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perspective

Year of the Red Rooster: You get what you deserve


I took a close look at the 2017 crystal ball the other day – and the only clear sign staring at me was for uncertainty, chaos and confusion. It’s the Year of the Rooster – and a fiery rooster at that.

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One astrologer has already issued this warning: The Year of the Rooster will be a powerful one, with no middle of the road when it comes to moving forward. This year, impressions will count. You’ll want to look your best and be clear about your intentions concerning love, money and business. You are advised to stick to “practical and well-proven paths to ensure success, rather than risky ventures”.
No “risky ventures?” Economists are already telling us that the new year will be full of unfathomable risks, and top of the list is a question nobody has the answer for: What will “Trumponomics” look like once it’s put into force.
The Thai central bank has warned that risk No 1 is the obvious slowdown in foreign direct investment (FDI) while all parties await President Donald Trump’s actions on the economic, social, political and security fronts.
Like the negative impact triggered by Brexit before it, the stunning US presidential election result has generated a high degree of uncertainty. Will American companies pull back from Asia? Will capital flow head back to the US? Will the new president impose a 45 per cent import tariff on Chinese exports as he threatened during the election campaign?
Another crucial question with far-reaching impact: What does “America First” mean in practice when it comes to trade deals, now that the incoming US leader has made it official that he will scrap the Trans-Pacific Partnership (TPP) initiated by President Barack Obama?
For Thailand, the RCEP (Regional Comprehensive Economic Partnership) has been cited as a fallback position in case TPP is derailed. Despite the fact that we weren’t one of the 12 founding members, TPP’s demise would dampen overall multilateral trade arrangements in the region.
But nobody is certain how and when RCEP will produce tangible results – and whether China’s dominant role in the new trade deal is a stabilising factor – or a new “rebalancing” act that requires closer scrutiny.
The other concern is whether the US Fed will raise interest rates in the near future, as suggested by Fed chairman Janet Yellen recently. One way or another, interest rate movements in the US will impact the Thai economy thanks to its links to the international market.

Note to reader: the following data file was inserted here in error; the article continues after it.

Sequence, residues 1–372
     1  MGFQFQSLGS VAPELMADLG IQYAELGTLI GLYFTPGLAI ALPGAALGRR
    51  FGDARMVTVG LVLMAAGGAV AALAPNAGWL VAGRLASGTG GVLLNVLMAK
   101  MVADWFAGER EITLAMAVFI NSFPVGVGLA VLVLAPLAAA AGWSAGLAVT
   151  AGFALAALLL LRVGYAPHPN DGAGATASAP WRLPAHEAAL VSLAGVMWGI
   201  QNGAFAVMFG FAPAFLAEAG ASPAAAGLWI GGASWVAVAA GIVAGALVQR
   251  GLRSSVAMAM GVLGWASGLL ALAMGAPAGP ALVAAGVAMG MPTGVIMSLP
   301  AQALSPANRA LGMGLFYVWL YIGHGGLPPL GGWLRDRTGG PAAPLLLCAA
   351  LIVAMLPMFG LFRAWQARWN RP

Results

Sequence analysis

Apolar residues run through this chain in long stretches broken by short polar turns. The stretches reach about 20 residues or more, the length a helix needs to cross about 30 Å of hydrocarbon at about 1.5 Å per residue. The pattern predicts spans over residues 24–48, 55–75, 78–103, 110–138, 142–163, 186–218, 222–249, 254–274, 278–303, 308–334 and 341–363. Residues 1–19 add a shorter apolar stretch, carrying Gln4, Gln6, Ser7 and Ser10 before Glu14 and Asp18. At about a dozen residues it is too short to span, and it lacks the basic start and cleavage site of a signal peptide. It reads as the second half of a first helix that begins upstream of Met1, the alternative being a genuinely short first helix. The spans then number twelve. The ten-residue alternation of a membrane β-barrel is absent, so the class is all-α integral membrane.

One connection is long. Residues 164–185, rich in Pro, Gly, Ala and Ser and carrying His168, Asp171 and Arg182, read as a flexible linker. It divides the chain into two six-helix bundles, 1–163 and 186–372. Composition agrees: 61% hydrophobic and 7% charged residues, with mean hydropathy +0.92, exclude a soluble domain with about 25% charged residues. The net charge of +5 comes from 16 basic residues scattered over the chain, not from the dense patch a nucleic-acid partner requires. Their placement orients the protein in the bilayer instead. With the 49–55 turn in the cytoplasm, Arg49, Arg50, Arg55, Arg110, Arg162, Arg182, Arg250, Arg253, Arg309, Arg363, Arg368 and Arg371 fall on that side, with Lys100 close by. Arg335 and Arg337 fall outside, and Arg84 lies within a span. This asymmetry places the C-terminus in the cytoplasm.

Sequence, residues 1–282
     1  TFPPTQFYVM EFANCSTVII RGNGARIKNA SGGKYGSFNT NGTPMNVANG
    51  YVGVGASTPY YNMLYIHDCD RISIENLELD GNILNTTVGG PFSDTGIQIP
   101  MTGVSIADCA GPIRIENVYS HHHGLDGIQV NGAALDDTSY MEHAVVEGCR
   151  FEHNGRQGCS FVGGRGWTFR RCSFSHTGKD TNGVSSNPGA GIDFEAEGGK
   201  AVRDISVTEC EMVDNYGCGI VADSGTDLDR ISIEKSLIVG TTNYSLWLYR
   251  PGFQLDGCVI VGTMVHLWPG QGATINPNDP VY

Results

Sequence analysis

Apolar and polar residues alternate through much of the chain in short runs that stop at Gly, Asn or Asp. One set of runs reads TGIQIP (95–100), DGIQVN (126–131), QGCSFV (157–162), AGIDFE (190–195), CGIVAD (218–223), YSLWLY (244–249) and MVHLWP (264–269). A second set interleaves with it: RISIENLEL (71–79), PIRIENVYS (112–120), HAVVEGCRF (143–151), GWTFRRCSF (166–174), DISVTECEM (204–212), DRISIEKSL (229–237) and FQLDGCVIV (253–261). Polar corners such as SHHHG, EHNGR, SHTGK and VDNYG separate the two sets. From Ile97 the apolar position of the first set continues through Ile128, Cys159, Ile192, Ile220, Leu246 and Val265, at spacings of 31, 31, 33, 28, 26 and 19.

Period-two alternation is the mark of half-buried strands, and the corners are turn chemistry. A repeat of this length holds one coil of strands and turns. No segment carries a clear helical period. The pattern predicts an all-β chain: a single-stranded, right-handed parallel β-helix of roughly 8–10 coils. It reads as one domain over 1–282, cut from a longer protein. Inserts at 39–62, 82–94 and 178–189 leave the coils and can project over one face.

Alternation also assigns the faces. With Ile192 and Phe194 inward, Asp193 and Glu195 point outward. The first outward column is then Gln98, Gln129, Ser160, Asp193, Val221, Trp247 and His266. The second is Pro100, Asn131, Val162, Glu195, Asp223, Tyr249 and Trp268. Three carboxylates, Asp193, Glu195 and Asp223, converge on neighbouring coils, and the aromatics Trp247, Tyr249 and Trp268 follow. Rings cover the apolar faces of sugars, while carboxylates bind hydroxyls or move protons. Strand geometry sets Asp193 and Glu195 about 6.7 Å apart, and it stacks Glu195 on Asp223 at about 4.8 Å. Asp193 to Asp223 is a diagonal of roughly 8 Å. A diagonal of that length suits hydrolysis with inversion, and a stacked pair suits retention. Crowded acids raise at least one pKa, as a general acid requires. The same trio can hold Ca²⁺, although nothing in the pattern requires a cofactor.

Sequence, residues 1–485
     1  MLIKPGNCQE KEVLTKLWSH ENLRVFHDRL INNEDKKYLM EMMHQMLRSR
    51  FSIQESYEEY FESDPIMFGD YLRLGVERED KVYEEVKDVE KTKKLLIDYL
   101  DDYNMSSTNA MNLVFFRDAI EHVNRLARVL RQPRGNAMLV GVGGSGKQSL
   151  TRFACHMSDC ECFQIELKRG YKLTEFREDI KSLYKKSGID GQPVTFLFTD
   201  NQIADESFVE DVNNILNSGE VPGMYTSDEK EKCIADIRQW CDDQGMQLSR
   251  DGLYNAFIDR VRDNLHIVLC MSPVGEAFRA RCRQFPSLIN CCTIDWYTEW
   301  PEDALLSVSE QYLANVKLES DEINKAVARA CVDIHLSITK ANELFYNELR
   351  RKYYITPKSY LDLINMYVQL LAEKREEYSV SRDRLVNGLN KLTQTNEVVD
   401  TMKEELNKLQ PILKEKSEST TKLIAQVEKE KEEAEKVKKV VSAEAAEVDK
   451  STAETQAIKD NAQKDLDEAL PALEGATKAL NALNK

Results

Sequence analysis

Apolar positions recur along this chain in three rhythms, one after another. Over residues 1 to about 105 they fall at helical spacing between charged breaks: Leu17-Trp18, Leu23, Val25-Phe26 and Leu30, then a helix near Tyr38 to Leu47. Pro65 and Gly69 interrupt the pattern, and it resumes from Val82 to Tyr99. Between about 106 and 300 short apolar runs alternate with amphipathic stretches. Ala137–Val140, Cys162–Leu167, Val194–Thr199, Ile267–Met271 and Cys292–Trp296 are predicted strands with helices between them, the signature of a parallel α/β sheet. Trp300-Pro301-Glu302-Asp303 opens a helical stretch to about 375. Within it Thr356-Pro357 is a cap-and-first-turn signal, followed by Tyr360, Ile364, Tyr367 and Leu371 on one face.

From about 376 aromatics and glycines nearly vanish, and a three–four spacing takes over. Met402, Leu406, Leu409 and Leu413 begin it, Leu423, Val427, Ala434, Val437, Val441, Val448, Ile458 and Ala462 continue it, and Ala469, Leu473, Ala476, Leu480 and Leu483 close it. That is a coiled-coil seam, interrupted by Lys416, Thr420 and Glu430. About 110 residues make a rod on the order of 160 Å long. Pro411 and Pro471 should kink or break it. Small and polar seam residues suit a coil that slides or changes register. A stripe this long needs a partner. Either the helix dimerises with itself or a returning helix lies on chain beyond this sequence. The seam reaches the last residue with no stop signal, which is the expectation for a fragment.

The rise in “non-performing loans” is also a warning sign for Thailand, due basically to the economic slowdown. Even if the country’s economy has registered growth, the positive effects have been concentrated on urban areas while rural issues remain entangled in deep-rooted and drawn-out problems that are yet to be resolved.
In other words, the question of income disparity and social inequality between the cities and the provinces remains an insurmountable challenge despite a series of political directives and strongly worded pledges.
And, of course, there is the big question of the political road map laid down by the powers-that-be for 2017. Will there be a general election before the end of the year, as stipulated in the new constitution, which is due to be promulgated early next year?
Also on the minds of most observers: What factors could force a postponement of the election – and if  that should come to pass, what would be the new scenarios?
Perhaps, if we read astrologers’ predictions carefully, we might find the answers to some of the questions hidden between the lines.
One of the predictions based on the traditional horoscope has this to say: It is curious, but in the eastern tradition, the Rooster is an incredibly multifaceted image. Apart from the obvious irascibility, impulsiveness, emotional instability and fury, he also possesses the following qualities: pedantry, accuracy, generosity and courage.
The astrologer then concludes: In sum, people born in the year of the Rooster often combine in themselves all these elements, albeit in different stages.
It is worth remembering, the guru added, that in our particular year of 2017, we’re talking about the Red Rooster, to whom the element of Fire corresponds. In China, Fire is one of the fundamental elements that brought about the creation of the world. Flames are useful for both bestowing life (in the form of ash, which is left in the process of burning, making an excellent fertiliser) and in taking life away (for example, in forest fires). To a certain degree, Fire here is a symbol of fairness, and also of rules.
That’s why it’s often said that in China the year of the Fire Rooster is a time when everyone gets what he deserves.
You get what you deserve. How can you argue with that?

Published : December 21, 2016

By : Suthichai Yoon The Nation